Supply yourself with an almanac,
Or all your effort’s go to rack;
And plant your seeds when the signs come right --
If the moon is full and the nights are light.

For the signs, they say, with their symbols twelve,
Were made for the folk who did and delve.
In the guise of a man in the almanac
(If not in the front then back in the back),
They start in the head and go out the feet,
Then rise and the downward trip repeat,
And each one rules, in  manifold ways,
The Mysteries of life in its quota of days.

You must plant, they say, when the signs are high,
If your patch is fixed and the weather’s dry;
For the truth of the fact is widely felt
That the favored signs come above the belt
Yet the mountain folk can show you by test
That for certain things the others are best;
For the truth of the fact is also known
That everything is ruled by a sign of its own.

For cabbage as hard and heavy as lead
You must plant when the sign is in the head;
Then skipping the neck, come down to the twins
For your beans and corn, if you want full bins;
Then come for your beets to the red, red heart;
And down to the waist for your rhubarb tart;
Though for reasons of smell, the good wife howls,
“Beware when the signs have come to the bowels!”

For ‘taters that rules to the piece three eyes
When the signs have come to the reins or thighs;
For turnips the sings’ the same as fer ‘taters,
While any old sing will do fer the ‘maters
Tis little, however, does well in the knees
“Cept peppers and kale and blackeyed peas,
And everybody knows that nothing ever grows
When the signs have come to the feet and toes.

Yet some folks hold that melons and vines
Belong to the lower bracket of signs;
And the housewives warn not to ser your eggs
Till the signs have passed from the knees to the legs;
And the fishers add, as a special treat,
That the fish bite when the sign is n the feet.
But it is a rule by all conceded
That the moon and signs must both be heeded.

If wheat you’re planning, then plan with care,
And sow your seed when the moon shines fair;
Not when its crooked and bent like a bow,
Or you and the miller a-begging will go
And the same rule holds for your grass and clover,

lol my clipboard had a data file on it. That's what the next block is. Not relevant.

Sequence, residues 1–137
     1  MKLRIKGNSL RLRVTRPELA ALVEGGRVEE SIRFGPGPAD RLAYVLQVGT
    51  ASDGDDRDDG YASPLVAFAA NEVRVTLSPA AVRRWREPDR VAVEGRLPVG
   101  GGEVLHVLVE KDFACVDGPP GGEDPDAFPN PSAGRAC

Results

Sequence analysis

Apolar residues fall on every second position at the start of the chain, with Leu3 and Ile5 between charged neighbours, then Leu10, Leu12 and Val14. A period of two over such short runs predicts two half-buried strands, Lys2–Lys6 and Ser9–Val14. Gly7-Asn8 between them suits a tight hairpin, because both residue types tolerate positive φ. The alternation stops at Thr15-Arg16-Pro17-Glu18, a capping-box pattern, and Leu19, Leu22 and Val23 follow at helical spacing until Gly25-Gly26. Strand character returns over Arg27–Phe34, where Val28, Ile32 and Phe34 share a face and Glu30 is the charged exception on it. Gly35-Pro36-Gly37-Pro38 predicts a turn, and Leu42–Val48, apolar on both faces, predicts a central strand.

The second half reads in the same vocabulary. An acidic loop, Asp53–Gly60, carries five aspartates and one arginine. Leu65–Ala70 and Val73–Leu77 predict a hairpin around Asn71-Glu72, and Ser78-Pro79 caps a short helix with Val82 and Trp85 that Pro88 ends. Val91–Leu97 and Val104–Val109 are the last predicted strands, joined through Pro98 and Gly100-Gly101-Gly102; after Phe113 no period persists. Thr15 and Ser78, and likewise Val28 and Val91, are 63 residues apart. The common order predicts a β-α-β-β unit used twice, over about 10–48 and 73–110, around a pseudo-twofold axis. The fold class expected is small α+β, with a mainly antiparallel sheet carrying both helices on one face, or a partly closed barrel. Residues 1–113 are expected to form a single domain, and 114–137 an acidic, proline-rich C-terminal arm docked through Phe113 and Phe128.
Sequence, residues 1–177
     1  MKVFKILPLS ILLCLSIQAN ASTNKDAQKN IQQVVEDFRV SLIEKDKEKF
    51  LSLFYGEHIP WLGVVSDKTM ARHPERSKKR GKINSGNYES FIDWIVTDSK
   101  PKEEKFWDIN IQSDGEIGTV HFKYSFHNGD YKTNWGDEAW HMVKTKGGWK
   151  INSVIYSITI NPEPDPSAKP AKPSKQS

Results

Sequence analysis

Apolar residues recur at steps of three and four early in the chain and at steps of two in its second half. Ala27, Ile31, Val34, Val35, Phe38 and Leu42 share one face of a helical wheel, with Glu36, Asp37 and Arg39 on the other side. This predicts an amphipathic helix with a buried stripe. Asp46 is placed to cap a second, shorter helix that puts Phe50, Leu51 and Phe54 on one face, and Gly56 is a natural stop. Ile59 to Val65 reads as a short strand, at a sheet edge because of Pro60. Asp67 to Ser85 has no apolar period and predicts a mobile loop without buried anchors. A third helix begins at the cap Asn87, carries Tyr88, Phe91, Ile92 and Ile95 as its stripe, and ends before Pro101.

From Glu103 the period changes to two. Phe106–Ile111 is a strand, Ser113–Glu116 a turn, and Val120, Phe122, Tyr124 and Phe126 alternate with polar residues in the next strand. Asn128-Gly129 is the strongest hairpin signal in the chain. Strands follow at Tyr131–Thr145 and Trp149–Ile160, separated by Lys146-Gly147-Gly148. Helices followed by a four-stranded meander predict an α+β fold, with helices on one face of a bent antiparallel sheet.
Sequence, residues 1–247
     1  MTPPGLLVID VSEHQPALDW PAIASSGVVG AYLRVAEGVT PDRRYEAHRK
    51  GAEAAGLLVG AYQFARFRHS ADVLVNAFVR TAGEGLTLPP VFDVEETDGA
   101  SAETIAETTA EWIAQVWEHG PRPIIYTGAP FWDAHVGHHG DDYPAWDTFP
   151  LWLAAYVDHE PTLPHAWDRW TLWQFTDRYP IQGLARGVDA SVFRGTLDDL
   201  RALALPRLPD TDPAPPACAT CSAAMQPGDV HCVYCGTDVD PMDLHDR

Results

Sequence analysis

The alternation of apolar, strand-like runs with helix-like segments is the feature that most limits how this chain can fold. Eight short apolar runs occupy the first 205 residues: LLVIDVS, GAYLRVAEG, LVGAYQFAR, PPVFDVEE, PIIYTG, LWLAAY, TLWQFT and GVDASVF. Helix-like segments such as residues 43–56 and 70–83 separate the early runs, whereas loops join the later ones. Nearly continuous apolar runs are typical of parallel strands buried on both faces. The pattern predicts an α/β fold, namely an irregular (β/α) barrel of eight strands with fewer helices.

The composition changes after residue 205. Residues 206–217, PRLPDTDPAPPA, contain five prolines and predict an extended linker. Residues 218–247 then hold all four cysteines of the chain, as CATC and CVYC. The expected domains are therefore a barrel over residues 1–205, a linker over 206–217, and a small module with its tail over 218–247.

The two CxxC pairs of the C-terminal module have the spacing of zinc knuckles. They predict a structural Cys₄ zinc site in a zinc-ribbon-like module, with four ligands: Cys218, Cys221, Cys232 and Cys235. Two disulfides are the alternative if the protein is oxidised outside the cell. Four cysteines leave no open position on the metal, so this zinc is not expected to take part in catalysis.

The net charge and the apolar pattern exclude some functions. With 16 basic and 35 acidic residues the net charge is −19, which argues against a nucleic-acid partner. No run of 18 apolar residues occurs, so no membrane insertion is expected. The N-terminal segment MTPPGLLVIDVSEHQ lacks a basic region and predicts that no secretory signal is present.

If a set you’d have when the winter’s over;
For the father’s say it is known from old
That crooked-moon plants won’t stand the cold.

For your grafts to knit and the sap push through,
You must graft, they say, when the moon is new;
And then is the time to pick you ducks,
For the old moon feathers are dry like shucks.
But the old folks say, if you want good wool,
You must shear when the moon is full,
And gather your herbs and wild cherry bark
When the moon is old and the nights are dark.

You must move, they say, when the moon is new,
If you’d like to climb as the moon climbs too;
For he who moves when the moon’s awane
Will gather no moss till he moves again.
But the mountain man warns, as he covers his shack,
Not to rive your boards when the nights are black;
For the fact is as plain as the morning mist
The crooked moon boards will warp and twist.

Moreover, they warn, if the moon is thin,
Not to kill your hogs till the full moon’s in;|
Nor plant your corn when the moon’s a bow,
Or the stalks as tall as the moon will grow.
For everybody knows that thin moon meat
Ain’t fit for the cats and dogs to eat.
And everybody says though the signs are right
Not to plant your corn till the moon shines fair.

For it sometimes happens, given good weather,
That the moon and signs don’t come together;
And such is the case, by faith or by test,
You must decide which time is the best.
For some of the men in the matter versed
Contend that the signs should really come first,
But others with equal warmth are agreed
That the moon, by rights, should have the lead.

Now these are the rhymes of the mountain folk,
Who follow the signs their fathers spoke;
And if as a farmer you’d succeed,